The show ran from mid-1984 to mid-1992 and was the top-rated program in the nation for 5 consecutive seasons.
And it influenced a whole bunch of baby names, such as…
Vanessa & Tempestt
Vanessa, the second-youngest Huxtable child, was played by Tempestt Bledsoe. The baby name Vanessa saw its highest-ever levels of usage during the years the show was on:
1989: 6,955 baby girls named Vanessa (ranked 50th)
1988: 7,515 baby girls named Vanessa (ranked 41st)
1987: 7,345 baby girls named Vanessa (ranked 43rd)
1986: 7,367 baby girls named Vanessa (ranked 43rd)
1985: 7,562 baby girls named Vanessa (ranked 42nd)
1984: 7,153 baby girls named Vanessa (ranked 45th)
1983: 6,383 baby girls named Vanessa (ranked 49th)
And the baby name Tempestt debuted on the charts the year after the show premiered:
1990: 70 baby girls named Tempestt
1989: 98 baby girls named Tempestt
1988: 72 baby girls named Tempestt
1987: 87 baby girls named Tempestt
1986: 78 baby girls named Tempestt
1985: 36 baby girls named Tempestt [debut]
The name Tempest also got a boost during the last half of the ’80s.
Rudy & Keshia
Rudith “Rudy” Huxtable, the baby of the family, was played by Keshia Knight Pulliam. The baby name Keshia entered the top 1,000 for the very first time the year after the show premiered:
1990: 385 baby girls named Keshia (ranked 594th)
1989: 496 baby girls named Keshia (ranked 479th)
1988: 398 baby girls named Keshia (ranked 547th)
1987: 483 baby girls named Keshia (ranked 457th)
1986: 511 baby girls named Keshia (ranked 426th)
1985: 321 baby girls named Keshia (ranked 596th)
1984: 96 baby girls named Keshia
1983: 64 baby girls named Keshia
The name Rudy also rose in usage, and the variant spelling Rudi debuted on the charts in 1985.
Huxtable mother Clair was played by actress Phylicia Rashād. The baby name Phylicia entered the top 1,000 for the first time two years after the show premiered:
1990: 257 baby girls named Phylicia (ranked 787th)
1989: 265 baby girls named Phylicia (ranked 744th)
1988: 286 baby girls named Phylicia (ranked 679th)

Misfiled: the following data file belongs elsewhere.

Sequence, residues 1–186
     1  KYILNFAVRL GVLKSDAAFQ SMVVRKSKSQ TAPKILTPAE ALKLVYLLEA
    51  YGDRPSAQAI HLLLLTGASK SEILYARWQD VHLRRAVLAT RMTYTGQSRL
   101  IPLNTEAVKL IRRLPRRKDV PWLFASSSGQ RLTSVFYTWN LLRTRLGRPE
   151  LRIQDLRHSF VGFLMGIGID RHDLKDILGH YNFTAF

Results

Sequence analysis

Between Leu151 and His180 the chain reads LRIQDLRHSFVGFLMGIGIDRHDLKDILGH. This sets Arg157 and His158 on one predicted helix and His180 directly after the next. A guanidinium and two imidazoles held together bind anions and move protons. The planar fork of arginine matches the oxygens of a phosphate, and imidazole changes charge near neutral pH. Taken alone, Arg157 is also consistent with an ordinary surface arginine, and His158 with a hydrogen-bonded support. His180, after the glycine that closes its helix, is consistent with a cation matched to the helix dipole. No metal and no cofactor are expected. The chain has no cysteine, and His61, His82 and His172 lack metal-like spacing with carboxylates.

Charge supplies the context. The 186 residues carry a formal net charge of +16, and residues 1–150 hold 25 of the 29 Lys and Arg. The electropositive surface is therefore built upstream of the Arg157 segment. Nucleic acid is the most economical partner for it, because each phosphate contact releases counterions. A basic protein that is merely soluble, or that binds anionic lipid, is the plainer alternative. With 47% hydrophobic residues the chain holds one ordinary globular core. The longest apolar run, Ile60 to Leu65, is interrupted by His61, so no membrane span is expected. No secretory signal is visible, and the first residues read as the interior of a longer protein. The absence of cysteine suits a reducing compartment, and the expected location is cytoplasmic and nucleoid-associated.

1987: 290 baby girls named Phylicia (ranked 649th)
1986: 213 baby girls named Phylicia (ranked 789th)
1985: 122 baby girls named Phylicia
1984: 13 baby girls named Phylicia
1983: 7 baby girls named Phylicia
Theo & Malcolm-Jamal
Theo, the middle Huxtable child (and the only male in the family besides Cliff) was played by Malcolm-Jamal Warner. The baby name Theo almost tripled in usage the year after the show premiered:
1990: 66 baby boys named Theo
1989: 75 baby boys named Theo
1988: 77 baby boys named Theo
1987: 75 baby boys named Theo
1986: 85 baby boys named Theo
1985: 76 baby boys named Theo
1984: 23 baby boys named Theo
1983: 26 baby boys named Theo
Usage of the baby name Malcolm also began to rise in the mid-’80s, and the baby name Malcolm-Jamal (rendered Malcolmjamal by the SSA, which leaves off hyphens) debuted on the baby name charts two years after the show premiered:
1988: 5 baby boys named Malcolm-Jamal
1986: 5 baby boys named Malcolm-Jamal [debut]
(Where did actor Malcolm-Jamal Warner get his name, btw? He was named after civil rights activist Malcolm X and jazz pianist Ahmad Jamal.)
So now here’s the question: Does The Cosby Show beat Family Ties in terms of impact on the baby name charts? Cosby clearly affected a greater number of names, but is that enough to offset the massive rises of both Mallory and Alex?
In December of 2011, Disney announced that the family in the sitcom would be welcoming a fifth child. Fans were given a 2-week window in which to vote for their favorite baby name via the show’s official webpage. These were the choices:
The baby, a boy, arrived during the episode that aired on June 24, 2012. He was born in an ice cream truck and given the name Toby (which had received nearly 26 million votes).
Usage of the baby name Toby has been declining in the US lately:
2007: 457 baby boys, 51 baby girls with the name Toby
2008: 439 baby boys, 52 baby girls with the name Toby
2009: 396 baby boys, 56 baby girls with the name Toby
2010: 356 baby boys, 50 baby girls with the name Toby
2011: 289 baby boys, 60 baby girls with the name Toby
Do you think the popular sitcom could turn this trend around?